Garden Island going nowhere
The Australia Defence Association says Kevin Rudd's proposal to move the Garden Island defence base North is impractical, unfeasible, and will go "nowhere".PT5M42S http://www.canberratimes.com.au/action/externalEmbeddedPlayer?id=d-2sn1z 620 349 August 27, 2013
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The historic naval base at Garden Island is being considered for closure by the government in a move that is likely to anger top brass inside the Department of Defence.
Prime Minister Kevin Rudd will announce on Tuesday that, if re-elected, he wants to start planning to relocate the historic defence facilities chiefly to Brisbane.
"It makes sense in strategic terms.": Government source. Photo: Supplied
One option to be unveiled in a speech to the Lowy Institute will be the complete closure of the navy facilities at Potts Point, opening the land to commercial development and dramatically increasing berthing access for cruise liners.
Mr Rudd will pitch the proposal as a sensible strategic plan to move defence facilities closer to any further threat from Australia's northern approaches.
It is understood he favours scaling back Garden Island and possibly closing it over time, even though this is likely to bring him into conflict with military chiefs.
The plan has also been criticised by NSW Premier Barry O'Farrell, who said on Tuesday that closing the base would devastate the state's economy.
A senior government source said: ''The idea of moving our naval assets north has been talked about for years and it makes sense in strategic terms to have our military assets in the north.
''This is going to require a lot of consultation and planning. We need to start getting serious about that planning because it's a very large undertaking involving a lot of communities.''
The move is likely to be applauded by Sydney's tourism and cruise ship industries, which have long argued the navy should move further north, allowing Garden Island to be developed for benefit of Sydney's economy.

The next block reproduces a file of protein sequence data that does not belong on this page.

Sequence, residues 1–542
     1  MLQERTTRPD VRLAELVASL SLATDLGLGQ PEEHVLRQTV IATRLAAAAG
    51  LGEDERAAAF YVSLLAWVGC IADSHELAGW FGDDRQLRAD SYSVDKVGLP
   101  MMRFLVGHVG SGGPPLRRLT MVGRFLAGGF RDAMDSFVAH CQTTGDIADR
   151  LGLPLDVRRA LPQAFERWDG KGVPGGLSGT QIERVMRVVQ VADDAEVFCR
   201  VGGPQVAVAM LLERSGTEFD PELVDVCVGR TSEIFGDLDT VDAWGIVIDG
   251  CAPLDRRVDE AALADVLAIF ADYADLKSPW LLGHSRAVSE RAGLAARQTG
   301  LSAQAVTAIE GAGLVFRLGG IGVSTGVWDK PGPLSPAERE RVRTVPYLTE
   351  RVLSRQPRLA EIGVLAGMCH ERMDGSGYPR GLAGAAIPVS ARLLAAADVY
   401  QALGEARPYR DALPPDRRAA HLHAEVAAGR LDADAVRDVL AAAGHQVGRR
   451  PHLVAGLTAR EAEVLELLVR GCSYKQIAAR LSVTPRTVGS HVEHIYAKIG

However, it is understood that Defence is opposed to any relocation because of the massive cost involved. Defence sources say it would not be money well spent at a time when military funding is languishing at historically low levels.
The move also represents a U-turn for the government, which said in the May Defence white paper it would not proceed with long-term planning to establish a naval base in Brisbane because of the massive cost.
The paper estimated the cost at $6 billion, to cover buying land, ensuring environmental protection, dredging, and relocating staff - all of which suggested ''establishing a fleet base in Brisbane would be challenging and require significant continued investment''.
Mr O'Farrell said a 2011 review found Garden Island injected $470 million a year into the NSW economy and employed 6700 people, including up to 4000 jobs at the naval base.
''My concern today waking up to this news, without any advice beforehand, off the back of a defence review that said 'don't change the current arrangements', is this is going to be devastating for those families whose loved ones work there,'' he told ABC radio.
''And it's going to be devastating for the state's economy.''
Mr O'Farrell said even if Garden Island was used for tourism, it would never support the number of defence and private industry jobs associated with the base.
The bulk of Australia's naval assets are at Garden Island's Fleet Base East and Perth's Fleet Base West.
Brisbane does not have a deep water port.
But under the changes, Brisbane rather than Sydney would become the home of the two new Canberra-class landing helicopter dock ships, which will be acquired in 2015 or 2016 and will be the largest ships operated by the Royal Australian Navy.
The powerful new air warfare destroyers could also be based at Brisbane instead of Sydney.
Last year's Defence Force Posture Review found there would be benefits in creating a ''supplementary base'' on the east coast to take pressure off Sydney. However, it said Garden Island remained a ''highly effective home port location for navy vessels''.
Garden Island includes the Captain Cook graving dock for ship maintenance and HMAS Kuttabul base, which provides administrative, training and logistics support.